I’ve seen several posts/articles recently focusing on “being.” The consensus is that we have a hard time “just being” in our world of media and busyness. These people emphasize the need to find peace and contentment in the present. I can relate to their position. I yearn for a peace and calm in life in the midst of chaos, uncertainty, and struggle. The words of Jesus echo in my mind: “Peace I leave with you; my peace I give to you.” (John 14:27a)
But I also hear and read about productivity and change. The call echoes to translate the gospel message in a language that a new generation can hear and understand. I hear denominational leaders crying out for new ideas that will resonate with people who don’t believe in God or who don’t care.
And I feel torn. Do we find peace and contentment where we are in the arms of our savior, or do we find passion to move from the place where we are (and have been for years) to find a new land that God has promised us?
In recent days I’m come to understand it’s both. I am convinced that the life of a Christian is a life of constant discernment, growth, and evolution. The Gospel of Jesus Christ is the same, but I am different. The world is different.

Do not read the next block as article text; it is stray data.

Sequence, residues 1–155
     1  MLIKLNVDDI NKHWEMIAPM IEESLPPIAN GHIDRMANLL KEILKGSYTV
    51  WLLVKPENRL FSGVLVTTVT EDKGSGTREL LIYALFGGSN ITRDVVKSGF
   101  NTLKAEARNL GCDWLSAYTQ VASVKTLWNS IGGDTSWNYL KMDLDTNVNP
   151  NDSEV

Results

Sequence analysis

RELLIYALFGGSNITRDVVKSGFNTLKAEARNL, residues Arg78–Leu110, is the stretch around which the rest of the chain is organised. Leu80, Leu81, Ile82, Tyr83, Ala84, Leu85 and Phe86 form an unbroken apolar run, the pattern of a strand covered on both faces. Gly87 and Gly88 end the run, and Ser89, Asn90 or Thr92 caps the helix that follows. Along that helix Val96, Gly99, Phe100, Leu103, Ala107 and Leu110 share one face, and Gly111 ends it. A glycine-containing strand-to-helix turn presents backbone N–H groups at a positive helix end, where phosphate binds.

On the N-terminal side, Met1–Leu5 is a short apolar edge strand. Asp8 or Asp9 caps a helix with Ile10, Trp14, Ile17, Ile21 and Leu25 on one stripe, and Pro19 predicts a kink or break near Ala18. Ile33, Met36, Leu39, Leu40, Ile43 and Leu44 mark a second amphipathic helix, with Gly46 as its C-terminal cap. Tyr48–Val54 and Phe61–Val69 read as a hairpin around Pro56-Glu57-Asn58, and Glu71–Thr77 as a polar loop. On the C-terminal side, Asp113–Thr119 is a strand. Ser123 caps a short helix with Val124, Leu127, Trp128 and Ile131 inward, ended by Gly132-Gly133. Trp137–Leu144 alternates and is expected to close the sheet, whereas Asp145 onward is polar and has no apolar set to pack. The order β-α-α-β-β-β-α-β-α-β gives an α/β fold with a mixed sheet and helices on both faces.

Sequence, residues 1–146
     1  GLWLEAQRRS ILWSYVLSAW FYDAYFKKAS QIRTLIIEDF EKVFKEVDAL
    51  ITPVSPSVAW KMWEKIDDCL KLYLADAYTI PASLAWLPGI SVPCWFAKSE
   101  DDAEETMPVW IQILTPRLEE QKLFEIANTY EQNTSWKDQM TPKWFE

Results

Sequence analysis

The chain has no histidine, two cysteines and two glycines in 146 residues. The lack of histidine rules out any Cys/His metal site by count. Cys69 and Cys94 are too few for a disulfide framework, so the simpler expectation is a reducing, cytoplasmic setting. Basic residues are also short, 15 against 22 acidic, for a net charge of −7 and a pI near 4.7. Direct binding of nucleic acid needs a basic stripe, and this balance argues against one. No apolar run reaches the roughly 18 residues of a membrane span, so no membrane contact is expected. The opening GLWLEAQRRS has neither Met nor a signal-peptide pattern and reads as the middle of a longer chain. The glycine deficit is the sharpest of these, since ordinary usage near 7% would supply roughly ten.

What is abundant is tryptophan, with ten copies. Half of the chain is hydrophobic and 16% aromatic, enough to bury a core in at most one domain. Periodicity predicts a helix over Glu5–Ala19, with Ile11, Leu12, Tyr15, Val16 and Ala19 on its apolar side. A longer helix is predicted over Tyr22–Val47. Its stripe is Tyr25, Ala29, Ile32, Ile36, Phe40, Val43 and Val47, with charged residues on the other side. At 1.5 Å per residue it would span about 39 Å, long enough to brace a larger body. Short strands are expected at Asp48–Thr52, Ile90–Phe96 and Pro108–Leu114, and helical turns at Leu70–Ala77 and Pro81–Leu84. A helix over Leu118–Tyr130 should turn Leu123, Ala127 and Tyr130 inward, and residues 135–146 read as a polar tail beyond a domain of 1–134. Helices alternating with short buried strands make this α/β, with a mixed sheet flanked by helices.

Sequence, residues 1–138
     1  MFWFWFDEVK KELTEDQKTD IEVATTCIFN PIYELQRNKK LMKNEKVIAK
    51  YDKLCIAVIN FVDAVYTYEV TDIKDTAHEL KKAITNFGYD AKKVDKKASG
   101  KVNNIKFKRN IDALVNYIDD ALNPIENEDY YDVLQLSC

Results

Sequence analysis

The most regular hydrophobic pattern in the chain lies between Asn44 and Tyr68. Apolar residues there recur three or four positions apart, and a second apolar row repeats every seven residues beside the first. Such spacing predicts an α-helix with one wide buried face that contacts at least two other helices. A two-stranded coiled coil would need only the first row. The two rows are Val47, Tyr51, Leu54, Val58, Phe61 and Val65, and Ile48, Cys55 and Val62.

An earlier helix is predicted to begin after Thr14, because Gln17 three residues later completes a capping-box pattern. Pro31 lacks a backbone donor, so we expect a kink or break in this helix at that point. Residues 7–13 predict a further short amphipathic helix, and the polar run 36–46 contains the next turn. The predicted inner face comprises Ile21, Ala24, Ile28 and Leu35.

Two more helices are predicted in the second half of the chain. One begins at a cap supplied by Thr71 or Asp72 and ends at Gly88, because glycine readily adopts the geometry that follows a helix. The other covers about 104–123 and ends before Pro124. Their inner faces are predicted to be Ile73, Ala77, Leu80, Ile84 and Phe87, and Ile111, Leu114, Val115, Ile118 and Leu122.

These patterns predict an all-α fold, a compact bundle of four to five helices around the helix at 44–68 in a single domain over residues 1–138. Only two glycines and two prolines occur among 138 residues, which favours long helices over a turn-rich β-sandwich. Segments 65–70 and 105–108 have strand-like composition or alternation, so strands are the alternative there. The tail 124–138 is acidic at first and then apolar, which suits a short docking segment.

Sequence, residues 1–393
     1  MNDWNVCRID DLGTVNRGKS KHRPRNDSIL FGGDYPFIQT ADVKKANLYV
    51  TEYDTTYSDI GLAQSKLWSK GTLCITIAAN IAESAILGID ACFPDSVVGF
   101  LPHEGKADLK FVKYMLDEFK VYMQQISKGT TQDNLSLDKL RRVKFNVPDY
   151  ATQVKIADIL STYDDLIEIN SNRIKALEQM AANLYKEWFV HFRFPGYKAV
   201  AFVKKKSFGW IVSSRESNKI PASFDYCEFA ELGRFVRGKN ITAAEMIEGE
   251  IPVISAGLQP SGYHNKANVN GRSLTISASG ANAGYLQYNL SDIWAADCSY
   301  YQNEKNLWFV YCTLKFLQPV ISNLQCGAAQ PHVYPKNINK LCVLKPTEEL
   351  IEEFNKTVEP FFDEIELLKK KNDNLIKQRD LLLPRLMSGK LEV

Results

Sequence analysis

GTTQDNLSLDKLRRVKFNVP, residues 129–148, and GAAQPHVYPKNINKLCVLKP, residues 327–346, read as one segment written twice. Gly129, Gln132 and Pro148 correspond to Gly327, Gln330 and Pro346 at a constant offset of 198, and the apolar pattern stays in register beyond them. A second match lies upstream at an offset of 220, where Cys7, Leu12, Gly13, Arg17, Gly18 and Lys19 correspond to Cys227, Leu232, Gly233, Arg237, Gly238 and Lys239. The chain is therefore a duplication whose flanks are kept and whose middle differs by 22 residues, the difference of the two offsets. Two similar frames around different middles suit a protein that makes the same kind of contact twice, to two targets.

My two daughters (ages 2.5 and .5) constantly amaze me. Both of them are growing and changing every day. The oldest is developing new language skills that blow my mind. She speaks with more clarity and confidence with each passing minute. She “teaches” my wife and I new games that she creates. Questions bubble out of her like a geyser. The world is something for her to understand. The younger wants to touch, feel, taste, and see everything. She spins around to find another new item she has yet to study to her satisfaction. Now I know that I must evolve with them in order to help them in their development.
Jesus said, “Truly I tell you, unless you change and become like children you will never enter the kingdom of God.” (Matthew 18:3) What characteristic of children does Jesus wants us to emulate? I believe it is their sense of wonder. Children figure out one thing, enjoy it to the fullest, and then move along to figure out something else. That’s how they grow and learn.
Paul equated the Christian life to the human life: birth, growth, and death (with the added resurrection). He told the community that milk was only suitable for nutrition for a set time. Then you must grow up and eat solids. The Christian is growing, changing from rebirth to rebirth.
I wish consistency was part of life, but it’s not. We have two feet planted in two different worlds: one in the grace and love of God through Jesus Christ that is stable and unchanging; and one in the earthly realm that isn’t the same one moment to the next. Contentment and solace in just being is worthy of pursuit, as long as one doesn’t expect to return to the same place of rest the next day: except into the arms of Christ.
Grace and Peace